“This is my house,” she says. “How can I live this way?” She says this to no one, as if I am not standing there witnessing. “We have a week,” she says, regaining some composure.  She looks at me, wanting me to acknowledge that she’d said “we” and not “I.” We we’re on a team. Dad was not on that team. I like being on her team. I can see life come into her eyes. “Vivian will help,” she says and smiles at me now. Now I am in the room. “We can do it.” There she is. Now she sees me. “Maybe Claire will even come and help.”



Claire. When I open the door I find my beautiful seventeen-year-old sister Claire sitting on the living room floor, her long bohemian skirt a pile around her legs, her lips red, her curls fallen onto her face as she and Mom laugh. I am merely seven. She is my hero, in part because she doesn’t have to live here.

“Guess who’s here to pitchfork!” Claire shouts when she sees me. She calls cleaning for relatives pitchforking. It’s a term she made up for the final moments before they arrive when things gets desperate and we stop thinking about logical places for things and just started tossing entire boxes down the basement stairs, under beds, and into closets.



A week later Aunt Evelyn arrives. Just hours before her plane touches down, the house is finally becoming passable. Dad paces nervously around the house peering over at what we’re doing, making sure we don’t throw anything valuable away.

“What are you doing with that?” He comes running towards me. In my hand is a cracked plastic filing rack that I’m about to toss in my garbage bag.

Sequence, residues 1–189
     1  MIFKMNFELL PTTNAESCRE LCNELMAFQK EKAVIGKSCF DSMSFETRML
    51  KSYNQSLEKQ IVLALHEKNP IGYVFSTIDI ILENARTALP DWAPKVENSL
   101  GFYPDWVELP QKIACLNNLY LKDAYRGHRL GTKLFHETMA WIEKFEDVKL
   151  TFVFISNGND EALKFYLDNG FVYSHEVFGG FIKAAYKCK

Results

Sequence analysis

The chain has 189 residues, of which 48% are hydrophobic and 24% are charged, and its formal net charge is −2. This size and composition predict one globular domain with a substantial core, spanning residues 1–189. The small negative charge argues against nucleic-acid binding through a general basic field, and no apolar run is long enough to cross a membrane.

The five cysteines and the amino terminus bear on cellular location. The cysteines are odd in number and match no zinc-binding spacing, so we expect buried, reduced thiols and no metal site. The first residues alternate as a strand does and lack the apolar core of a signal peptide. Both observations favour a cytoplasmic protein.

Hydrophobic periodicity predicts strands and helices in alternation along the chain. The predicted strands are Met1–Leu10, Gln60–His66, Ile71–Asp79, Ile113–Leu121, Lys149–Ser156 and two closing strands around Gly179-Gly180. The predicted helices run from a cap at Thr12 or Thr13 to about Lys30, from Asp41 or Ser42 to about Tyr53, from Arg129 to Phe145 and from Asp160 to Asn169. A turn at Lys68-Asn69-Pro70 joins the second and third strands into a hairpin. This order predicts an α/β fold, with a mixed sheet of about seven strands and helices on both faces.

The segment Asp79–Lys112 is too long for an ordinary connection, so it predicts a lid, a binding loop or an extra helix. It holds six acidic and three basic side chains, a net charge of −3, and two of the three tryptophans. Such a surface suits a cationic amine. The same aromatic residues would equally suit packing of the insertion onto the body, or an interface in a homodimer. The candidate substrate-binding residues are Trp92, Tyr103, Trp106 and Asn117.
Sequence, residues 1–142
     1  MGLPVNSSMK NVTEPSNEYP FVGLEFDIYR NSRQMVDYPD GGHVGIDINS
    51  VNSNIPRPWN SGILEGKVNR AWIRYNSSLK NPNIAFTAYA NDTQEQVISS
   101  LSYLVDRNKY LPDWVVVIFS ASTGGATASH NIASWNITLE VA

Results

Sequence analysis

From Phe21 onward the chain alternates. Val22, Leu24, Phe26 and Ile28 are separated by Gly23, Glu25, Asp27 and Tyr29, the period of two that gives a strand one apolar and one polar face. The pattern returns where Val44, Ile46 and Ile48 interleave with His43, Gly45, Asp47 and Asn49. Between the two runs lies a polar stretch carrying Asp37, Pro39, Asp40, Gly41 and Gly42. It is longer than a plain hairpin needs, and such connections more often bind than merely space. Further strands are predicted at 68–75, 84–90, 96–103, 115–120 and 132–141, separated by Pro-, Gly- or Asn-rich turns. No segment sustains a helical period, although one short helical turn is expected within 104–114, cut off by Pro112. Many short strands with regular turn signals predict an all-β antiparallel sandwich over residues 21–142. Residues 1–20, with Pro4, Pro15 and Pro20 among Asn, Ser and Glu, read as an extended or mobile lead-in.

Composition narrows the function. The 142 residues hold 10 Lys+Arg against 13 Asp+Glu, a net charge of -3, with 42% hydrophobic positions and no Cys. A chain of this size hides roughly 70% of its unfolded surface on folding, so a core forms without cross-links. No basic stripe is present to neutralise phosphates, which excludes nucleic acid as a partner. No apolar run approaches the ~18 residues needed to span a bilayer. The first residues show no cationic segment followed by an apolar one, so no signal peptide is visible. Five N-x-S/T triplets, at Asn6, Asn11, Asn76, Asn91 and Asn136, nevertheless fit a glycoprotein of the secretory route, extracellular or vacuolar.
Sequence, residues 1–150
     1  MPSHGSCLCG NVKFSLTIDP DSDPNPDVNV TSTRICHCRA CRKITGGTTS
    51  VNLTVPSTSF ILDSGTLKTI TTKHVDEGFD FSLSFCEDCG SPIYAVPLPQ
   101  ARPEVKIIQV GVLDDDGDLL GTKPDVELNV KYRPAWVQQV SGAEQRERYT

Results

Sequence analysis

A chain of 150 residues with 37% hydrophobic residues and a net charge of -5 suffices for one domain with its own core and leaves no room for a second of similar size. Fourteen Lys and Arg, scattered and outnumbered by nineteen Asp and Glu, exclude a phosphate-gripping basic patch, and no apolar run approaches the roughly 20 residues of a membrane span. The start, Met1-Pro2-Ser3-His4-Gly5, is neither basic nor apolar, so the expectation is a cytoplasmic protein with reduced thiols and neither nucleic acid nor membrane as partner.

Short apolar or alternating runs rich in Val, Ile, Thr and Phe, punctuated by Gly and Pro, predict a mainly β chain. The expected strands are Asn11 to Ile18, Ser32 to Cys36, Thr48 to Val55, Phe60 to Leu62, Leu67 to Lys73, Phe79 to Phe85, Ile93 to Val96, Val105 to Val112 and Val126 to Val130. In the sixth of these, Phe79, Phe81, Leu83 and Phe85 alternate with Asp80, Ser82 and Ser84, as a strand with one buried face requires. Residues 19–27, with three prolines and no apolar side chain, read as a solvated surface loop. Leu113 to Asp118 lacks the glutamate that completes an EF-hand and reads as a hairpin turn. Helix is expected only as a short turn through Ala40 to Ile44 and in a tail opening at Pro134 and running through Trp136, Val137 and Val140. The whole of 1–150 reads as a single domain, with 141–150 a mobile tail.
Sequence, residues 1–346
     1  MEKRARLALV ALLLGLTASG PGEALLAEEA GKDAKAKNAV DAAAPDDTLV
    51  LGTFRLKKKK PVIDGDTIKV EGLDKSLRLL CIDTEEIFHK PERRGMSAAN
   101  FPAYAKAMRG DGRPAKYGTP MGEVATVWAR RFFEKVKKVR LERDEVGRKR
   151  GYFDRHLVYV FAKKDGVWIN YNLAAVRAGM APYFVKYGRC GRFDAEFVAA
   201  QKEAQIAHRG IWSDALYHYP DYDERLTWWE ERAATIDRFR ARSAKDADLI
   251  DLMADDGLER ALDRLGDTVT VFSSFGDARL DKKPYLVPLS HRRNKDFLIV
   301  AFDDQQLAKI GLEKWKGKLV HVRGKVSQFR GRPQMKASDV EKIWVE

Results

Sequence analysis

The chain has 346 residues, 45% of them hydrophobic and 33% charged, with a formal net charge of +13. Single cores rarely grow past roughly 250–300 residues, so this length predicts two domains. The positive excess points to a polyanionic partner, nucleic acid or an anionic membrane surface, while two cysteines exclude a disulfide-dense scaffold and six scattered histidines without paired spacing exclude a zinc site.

“That’s perfectly good,” he says, taking it from my hands.

“But it’s cracked,” I say. “And we have a bunch of others that aren’t.” I point to a pile I had uncovered as I cleaned. He storms out of the room. I hear the front door slam. And five minutes later he returns, eyes on my garbage bag.

He waits until the very last moment to leave for the airport to pick up Evelyn. From the front window I watch as his truck pulls off and drives down the street.

“He’s gone!” I yell.

“Pitchfork time!” Claire calls.

I run to the kitchen to join Mom and Claire, as they stuff everything in sight into bags and begin tossing them down to the basement.  I stuff several bags in the closet of the bedroom all of us kids share and other bags under Mom and Dad’s bed.

The phone rings. It’s Dad calling from a payphone.

“He’s stalling her!” Claire announces. “He’s taking her to the Botanical Garden.”

We’re relieved to have a little more time. Mom goes to the Laundromat to wash sheets, towels, and a tablecloth.  Claire sweeps and I shove the receipts on top of the refrigerator out of sight.

When too much time has passed, I glance out the front window every few minutes. I have watch duty. From the window I see the truck pull into the driveway, her luggage precariously loaded on top of a layer of gardening tools and the chainsaw Dad took out of the house earlier that week in his fury.

“They’re here!” I alert everyone to get into position, look normal, wipe the dirt and sweat from their faces.

Evelyn opens the truck door. I watch as she looks up and down the street, re-familiarizing herself with the neighborhood. Her red hair is exactly the same color as his. Her nose just as big. Claire says the only difference between them is that Evelyn married well.  I think about Mom, I think maybe she didn’t marry well when she married Dad.